2. The speed limit was 35 for a reason. I'm sure that same reason caused the traffic. If an accident causes congestion, the SL drops in advance of the accident, so that you're going slowly before you hit the rear of the backup. Once the congestion clears, the SL goes back to what it was.


Is the speed limit reduced (or increased) by computer or does a human being in the Turnpike's control center have to do something to change it?
It's all coordinated through the State Transportation Management Center, with human beings. There are protocols in place, but you have to have a human observing to make the decisions.

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Re: New Jersey Turnpike
« Reply #17 on: December 28, 2013, 10:42:38 AM »

I always figured the X in 15X was the next letter after W. If they ever build another exit in that area and call it 15Y, I wouldn't be surprised. 15A would be really weird. Are there any places on any freeway where they needed to add another exit after E and W or N and S pairs? If so, what was it numbered?
New York has used A in places like the Meadowbrook (M3AW, M3AE, just to be awesome).

Since when does the Meadowbrook Parkway have exits M3AW and M3AE?  Maybe you're thinking of the Southern Parkway with exits 28AN and 28AS.  That's the only place where I'm aware of a double letter suffix.
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Alps

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Re: New Jersey Turnpike
« Reply #18 on: December 28, 2013, 11:30:42 AM »

I always figured the X in 15X was the next letter after W. If they ever build another exit in that area and call it 15Y, I wouldn't be surprised. 15A would be really weird. Are there any places on any freeway where they needed to add another exit after E and W or N and S pairs? If so, what was it numbered?
New York has used A in places like the Meadowbrook (M3AW, M3AE, just to be awesome).

Since when does the Meadowbrook Parkway have exits M3AW and M3AE?  Maybe you're thinking of the Southern Parkway with exits 28AN and 28AS.  That's the only place where I'm aware of a double letter suffix.
No, I was thinking of a different parkway - SM3W, SM3E, SM3A. I had most of the letters right!

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Re: New Jersey Turnpike
« Reply #19 on: December 28, 2013, 11:34:13 AM »

No, I was thinking of a different parkway - SM3W, SM3E, SM3A. I had most of the letters right!

Those EXIT gore signs... what the actual fuck? Might as well as use Series B to cram everything into the sign. Love the use of an upside down 'M' for 'W'. (I was kidding.)
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Re: New Jersey Turnpike
« Reply #20 on: December 28, 2013, 11:37:39 AM »

More like Skunken Meadow State Parkway: Exit SM3LL.
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Re: New Jersey Turnpike
« Reply #21 on: December 28, 2013, 03:58:41 PM »

2. The speed limit was 35 for a reason. I'm sure that same reason caused the traffic. If an accident causes congestion, the SL drops in advance of the accident, so that you're going slowly before you hit the rear of the backup. Once the congestion clears, the SL goes back to what it was.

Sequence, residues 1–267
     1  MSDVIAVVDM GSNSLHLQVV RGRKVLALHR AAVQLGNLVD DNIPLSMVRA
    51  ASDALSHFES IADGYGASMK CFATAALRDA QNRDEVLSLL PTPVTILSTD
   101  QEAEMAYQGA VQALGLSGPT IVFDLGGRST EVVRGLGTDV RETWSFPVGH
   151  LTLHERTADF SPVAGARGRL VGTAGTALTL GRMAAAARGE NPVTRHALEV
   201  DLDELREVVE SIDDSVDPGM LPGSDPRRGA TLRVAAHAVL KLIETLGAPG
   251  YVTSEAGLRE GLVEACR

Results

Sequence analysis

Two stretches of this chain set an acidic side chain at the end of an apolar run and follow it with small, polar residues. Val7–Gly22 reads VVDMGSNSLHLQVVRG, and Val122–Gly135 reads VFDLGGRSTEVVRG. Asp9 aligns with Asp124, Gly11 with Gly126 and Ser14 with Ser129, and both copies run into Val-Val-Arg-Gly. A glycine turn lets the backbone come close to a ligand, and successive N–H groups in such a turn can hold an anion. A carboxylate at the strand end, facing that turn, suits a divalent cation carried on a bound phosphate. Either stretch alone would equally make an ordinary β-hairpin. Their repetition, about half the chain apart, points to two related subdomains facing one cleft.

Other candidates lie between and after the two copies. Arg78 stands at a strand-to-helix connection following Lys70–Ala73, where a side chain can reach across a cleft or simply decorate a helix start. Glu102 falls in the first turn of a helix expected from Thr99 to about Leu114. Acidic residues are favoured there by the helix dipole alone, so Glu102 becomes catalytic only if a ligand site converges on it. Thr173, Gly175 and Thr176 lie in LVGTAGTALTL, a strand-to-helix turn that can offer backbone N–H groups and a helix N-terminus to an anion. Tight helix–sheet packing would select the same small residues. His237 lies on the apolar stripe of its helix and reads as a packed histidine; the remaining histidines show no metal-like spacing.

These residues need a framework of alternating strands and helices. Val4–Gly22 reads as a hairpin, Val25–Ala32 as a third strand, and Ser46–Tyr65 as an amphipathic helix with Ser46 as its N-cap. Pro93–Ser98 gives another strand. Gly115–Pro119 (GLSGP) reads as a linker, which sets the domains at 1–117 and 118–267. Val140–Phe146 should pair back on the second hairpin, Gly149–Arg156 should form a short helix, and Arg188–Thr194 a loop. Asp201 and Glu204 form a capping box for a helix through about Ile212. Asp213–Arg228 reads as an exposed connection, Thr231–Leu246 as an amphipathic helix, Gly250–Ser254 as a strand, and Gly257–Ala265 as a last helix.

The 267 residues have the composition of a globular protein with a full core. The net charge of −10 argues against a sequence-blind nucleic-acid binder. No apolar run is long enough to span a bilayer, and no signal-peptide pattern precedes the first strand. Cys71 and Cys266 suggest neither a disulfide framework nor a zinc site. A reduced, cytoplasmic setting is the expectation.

Is the speed limit reduced (or increased) by computer or does a human being in the Turnpike's control center have to do something to change it?
It's all coordinated through the State Transportation Management Center, with human beings. There are protocols in place, but you have to have a human observing to make the decisions.

But 35!?  I remember seeing that last month, and all I could think was, "Surely you can't be serious!"  Does anyone at the NJTA even expect people to slow down to below 55?  I seem to remember traffic going closer to 65 when I saw that 35 zone.

Also, correct me if I'm wrong, but didn't the old-school variable speed limits only drop from 65 to 45 when there was a "REDUCE SPEED" condition?
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Re: New Jersey Turnpike
« Reply #22 on: December 28, 2013, 06:24:48 PM »

Quote
Surely you can't be serious!
Don't call him Shirley

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Re: New Jersey Turnpike
« Reply #23 on: December 28, 2013, 07:15:45 PM »

"There's a problem on the turnpike."

"The turnpike?  What is it?"

"It's a big road that runs through NJ, but that's not important right now."
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Re: New Jersey Turnpike
« Reply #24 on: December 28, 2013, 08:37:33 PM »

Well, what the Turnpike is actually is important right now, 'cause that's what this thread is about, right? And how do you know his name isn't Shirley? Also let's not forget that nice lady June Cleaver, who learned to speak Jive later in life, in time for her to take an important Airplane flight! LOL LOL

And while we're off-topic I also gotta comment that those NYSDOT engineers must have been smoking something when they numbered those Sagtikos and Southern State Parkway exits. Ya' really hafta wonder when NYSDOT is going to get its act together and number exits on Long Island according to the MUTCD.

And now back to the NJ Turnpike.